SOL Chosen: (3.12) The student will identify equivalent periods of time, including relationships among days, months, and years, as well as minutes and hours.
Technology: Things that we could use to show the relationships between different time periods are clocks, calendars, the hands on the clocks, watches, timers, pens and pencils, paint, or even a white board and markers.
Pedagogy: The way we would teach the material would be comparing calendars, the knuckle analogy (so that students can see which months do and do not have 31 days), by showing them how smaller increments make up larger increments (such as seconds turning into minutes, minutes to hours, hours to days, days to weeks, weeks to months, and months to years).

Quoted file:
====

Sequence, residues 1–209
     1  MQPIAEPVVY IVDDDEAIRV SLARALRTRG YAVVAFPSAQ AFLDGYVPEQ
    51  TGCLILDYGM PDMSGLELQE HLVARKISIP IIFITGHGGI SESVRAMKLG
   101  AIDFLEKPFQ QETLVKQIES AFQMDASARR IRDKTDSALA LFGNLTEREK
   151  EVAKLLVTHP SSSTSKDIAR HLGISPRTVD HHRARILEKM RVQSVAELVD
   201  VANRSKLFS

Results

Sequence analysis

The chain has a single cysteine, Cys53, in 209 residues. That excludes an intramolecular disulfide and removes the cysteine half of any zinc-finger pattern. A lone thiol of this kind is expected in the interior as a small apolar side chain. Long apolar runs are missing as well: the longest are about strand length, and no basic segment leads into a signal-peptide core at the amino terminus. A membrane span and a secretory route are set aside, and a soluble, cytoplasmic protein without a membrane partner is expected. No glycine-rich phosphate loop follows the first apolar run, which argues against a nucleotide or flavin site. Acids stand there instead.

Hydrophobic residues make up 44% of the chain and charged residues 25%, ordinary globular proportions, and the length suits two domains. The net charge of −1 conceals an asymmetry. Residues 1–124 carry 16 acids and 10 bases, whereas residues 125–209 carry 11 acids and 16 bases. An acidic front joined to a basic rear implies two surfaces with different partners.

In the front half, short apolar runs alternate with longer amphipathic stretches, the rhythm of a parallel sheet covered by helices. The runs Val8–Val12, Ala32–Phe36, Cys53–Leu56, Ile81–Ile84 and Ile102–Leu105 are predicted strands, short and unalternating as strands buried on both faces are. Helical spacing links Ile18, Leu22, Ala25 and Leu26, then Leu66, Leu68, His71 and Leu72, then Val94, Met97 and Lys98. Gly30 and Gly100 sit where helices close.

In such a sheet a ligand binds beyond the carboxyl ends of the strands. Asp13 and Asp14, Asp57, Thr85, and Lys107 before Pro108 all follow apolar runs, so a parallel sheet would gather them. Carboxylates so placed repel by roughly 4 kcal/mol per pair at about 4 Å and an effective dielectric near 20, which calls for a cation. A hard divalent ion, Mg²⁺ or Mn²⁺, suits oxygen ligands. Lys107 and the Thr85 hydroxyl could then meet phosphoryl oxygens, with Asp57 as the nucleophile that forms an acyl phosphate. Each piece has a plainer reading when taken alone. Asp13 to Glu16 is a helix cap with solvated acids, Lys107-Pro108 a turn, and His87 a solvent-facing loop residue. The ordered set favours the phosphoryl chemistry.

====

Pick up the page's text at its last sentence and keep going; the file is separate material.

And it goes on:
Content Knowledge: We could incorporate things we already know to increase their understanding of the material, such as: not all months have 31 days, then some years have 366 days because they are considered a “leap year”. We can use what we already know about the topic to help them understand or fill the gaps if some things do not make sense. The smaller increments making up bigger increments that are considered pedagogy, are also considered content knowledge because that is something that we already know that we are trying to teach to our students.